That, if France prospered, good men would not long

Pay fruitless worship to humanity,

And this most rotten branch of human shame,

Object, so seemed it, of superfluous pains,

Would fall together with its parent tree.


Wordsworth thus identifies slavery as only one branch of the larger "tree" of tyranny; should tyranny fall, he reasons, so will slavery. His subsumption of slavery under tyranny in effect sublimates its physical and material reality, as I have previously claimed, and may be evidence of the conflicted attitudes toward slavery within the English populace at the time. More importantly, however, it organicizes slavery by making it part of a natural process. This naturalizing act opens slavery to the consolations of the natural sublime; nature thus ostensibly lessens the pain of slavery by promising its (eventual and naturally evolving) elimination.

In the case of Wordsworth's sonnet to Toussaint, such conflict is apparent within the poem's trajectory, which in fact erases l'Ouverture's captivity from the poem and replaces it with Nature, with the sublime, and with English liberty. The substitution is accomplished by counseling submission to French authority—the very thing condemned six sonnets earlier in the sequence. While Wordsworth elsewhere in the sequence urges his countrymen to defend liberty to the death, declaring that England is far dearer to him than life,[21] Toussaint's situation warrants no such resistance. It seems that while English death for English soil is a sublime sacrifice, l'Ouverture's most noble act according to Wordsworth is to stay alive and submit to his capture. Wordsworth counsels him to "die not; do thou / Wear rather in thy bonds a cheerful brow / Though fallen thyself, never to rise again" (6-8) and describes for him the powers that are "at work for him," serving as surrogates for the warrior's duty:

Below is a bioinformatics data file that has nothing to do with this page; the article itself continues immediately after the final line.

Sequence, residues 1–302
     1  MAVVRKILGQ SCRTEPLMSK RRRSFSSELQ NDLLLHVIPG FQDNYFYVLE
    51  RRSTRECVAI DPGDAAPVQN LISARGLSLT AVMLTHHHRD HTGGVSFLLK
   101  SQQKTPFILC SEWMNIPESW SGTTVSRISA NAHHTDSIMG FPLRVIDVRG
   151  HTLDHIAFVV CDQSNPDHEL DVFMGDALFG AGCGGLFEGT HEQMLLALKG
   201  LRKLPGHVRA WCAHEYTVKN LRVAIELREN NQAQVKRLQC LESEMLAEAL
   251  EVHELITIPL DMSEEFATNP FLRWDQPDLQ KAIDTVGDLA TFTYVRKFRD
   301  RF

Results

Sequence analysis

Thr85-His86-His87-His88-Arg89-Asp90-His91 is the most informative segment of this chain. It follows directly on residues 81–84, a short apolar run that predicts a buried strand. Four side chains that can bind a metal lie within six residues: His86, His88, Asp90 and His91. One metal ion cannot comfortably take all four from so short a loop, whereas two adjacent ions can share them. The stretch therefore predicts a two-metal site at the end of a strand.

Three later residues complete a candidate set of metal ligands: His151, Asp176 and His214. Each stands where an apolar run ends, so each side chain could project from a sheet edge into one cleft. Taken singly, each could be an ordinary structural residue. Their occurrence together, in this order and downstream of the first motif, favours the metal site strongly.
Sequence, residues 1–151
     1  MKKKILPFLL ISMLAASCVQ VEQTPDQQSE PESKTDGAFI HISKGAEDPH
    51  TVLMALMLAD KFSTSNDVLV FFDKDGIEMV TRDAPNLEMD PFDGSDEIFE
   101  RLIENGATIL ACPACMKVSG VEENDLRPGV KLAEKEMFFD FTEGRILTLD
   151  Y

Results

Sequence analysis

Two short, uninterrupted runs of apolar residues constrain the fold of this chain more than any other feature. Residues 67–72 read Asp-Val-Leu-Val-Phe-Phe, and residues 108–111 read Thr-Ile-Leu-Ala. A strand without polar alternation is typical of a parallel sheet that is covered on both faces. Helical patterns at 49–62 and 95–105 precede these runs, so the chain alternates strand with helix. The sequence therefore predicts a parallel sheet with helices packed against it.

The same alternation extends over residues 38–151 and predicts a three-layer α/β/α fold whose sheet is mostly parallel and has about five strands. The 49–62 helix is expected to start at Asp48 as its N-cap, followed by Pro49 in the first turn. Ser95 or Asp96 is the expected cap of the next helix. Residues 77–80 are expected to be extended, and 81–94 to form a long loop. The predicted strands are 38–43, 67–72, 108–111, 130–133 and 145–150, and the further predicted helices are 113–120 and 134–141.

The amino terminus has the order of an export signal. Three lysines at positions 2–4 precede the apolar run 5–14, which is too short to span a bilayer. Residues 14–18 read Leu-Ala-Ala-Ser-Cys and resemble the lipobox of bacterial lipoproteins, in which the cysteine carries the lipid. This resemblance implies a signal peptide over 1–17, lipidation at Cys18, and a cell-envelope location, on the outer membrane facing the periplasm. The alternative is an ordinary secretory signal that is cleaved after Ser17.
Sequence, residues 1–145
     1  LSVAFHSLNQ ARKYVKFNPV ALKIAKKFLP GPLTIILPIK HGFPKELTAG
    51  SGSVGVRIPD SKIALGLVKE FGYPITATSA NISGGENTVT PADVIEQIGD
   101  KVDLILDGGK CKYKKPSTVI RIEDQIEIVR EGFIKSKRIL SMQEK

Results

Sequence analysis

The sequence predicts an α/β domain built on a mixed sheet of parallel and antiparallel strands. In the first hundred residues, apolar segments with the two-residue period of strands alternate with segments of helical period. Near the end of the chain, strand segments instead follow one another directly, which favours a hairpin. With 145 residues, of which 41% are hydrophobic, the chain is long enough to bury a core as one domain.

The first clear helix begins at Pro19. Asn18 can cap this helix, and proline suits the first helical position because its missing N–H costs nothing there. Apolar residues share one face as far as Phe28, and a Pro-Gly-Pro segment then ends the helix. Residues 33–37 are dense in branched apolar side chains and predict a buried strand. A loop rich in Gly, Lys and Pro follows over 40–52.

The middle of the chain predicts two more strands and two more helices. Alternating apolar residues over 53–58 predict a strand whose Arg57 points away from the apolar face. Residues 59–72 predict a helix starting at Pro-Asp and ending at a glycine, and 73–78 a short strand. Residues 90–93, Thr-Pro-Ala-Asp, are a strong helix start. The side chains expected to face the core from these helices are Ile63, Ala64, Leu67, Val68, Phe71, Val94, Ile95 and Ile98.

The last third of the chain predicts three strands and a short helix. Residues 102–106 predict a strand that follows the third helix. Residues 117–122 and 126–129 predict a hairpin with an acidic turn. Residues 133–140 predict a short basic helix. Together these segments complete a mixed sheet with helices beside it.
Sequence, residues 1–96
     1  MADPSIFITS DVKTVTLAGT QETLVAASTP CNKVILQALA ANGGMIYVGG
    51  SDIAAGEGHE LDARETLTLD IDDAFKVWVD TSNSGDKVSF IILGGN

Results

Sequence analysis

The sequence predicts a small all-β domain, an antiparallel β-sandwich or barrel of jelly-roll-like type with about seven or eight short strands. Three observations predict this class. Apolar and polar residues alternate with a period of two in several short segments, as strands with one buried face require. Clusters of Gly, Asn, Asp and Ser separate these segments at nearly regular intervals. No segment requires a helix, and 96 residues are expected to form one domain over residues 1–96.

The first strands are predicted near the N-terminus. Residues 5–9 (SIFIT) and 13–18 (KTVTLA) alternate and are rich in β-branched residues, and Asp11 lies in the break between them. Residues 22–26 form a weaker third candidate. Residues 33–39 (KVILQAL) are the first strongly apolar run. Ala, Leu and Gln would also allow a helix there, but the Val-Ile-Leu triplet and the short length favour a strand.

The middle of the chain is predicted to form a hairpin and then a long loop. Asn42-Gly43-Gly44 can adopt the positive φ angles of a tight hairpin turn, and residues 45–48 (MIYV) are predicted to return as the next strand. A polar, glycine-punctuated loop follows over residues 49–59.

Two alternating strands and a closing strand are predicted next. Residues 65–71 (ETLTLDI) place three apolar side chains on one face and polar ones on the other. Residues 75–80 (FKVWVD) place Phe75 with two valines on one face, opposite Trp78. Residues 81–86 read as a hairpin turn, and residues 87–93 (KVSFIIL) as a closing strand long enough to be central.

Live, and take comfort. Thou hast left behind

Powers that will work for thee; air, earth, and skies;

There's not a breathing of the common wind

That will forget thee; thou hast great allies;

Thy friends are exultations, agonies,

And love, and man's unconquerable mind.


Wordsworth here uses the Italian sonnet form to create a volta in line 9, and characteristically he chooses to turn the poem in the center of the line at the new sentence. He follows the initial trochee, which stresses "Live," with a spondee urging Toussaint to " take com fort." He then splits the next foot so that he can stress "thou," beginning the concluding sestet with an exhortation that continues in the metrically irregular line 10. This line begins with a spondee and contains only three unstressed syllables, which has the effect of lengthening the line and marking it as the longest and most stressed of the poem. Wordsworth thus stresses the powers that will work in Toussaint's place, and they are the powers of nature—powers that know no politics, but nevertheless are nationed English and allied eventually to "man's unconquerable"—and sublime—mind.

Again we see the alliance of nature and the sublime in Wordsworth's simultaneous acknowledgment and denial of slavery's very real power. As I turn to my claim that Wordsworth sublimates empire and race in favor of nature and nation, I will proceed in two stages. The first will demonstrate that Wordsworth's use of this progression from empire to nature as a coda to the sonnet repeats his previous use of the same progression to describe the location of the sublime in "Tintern Abbey." The second will explore Laura Doyle's recent claim that Wordsworth's is a specifically racial sublime which allies "man's unconquerable mind" with a specifically English liberty.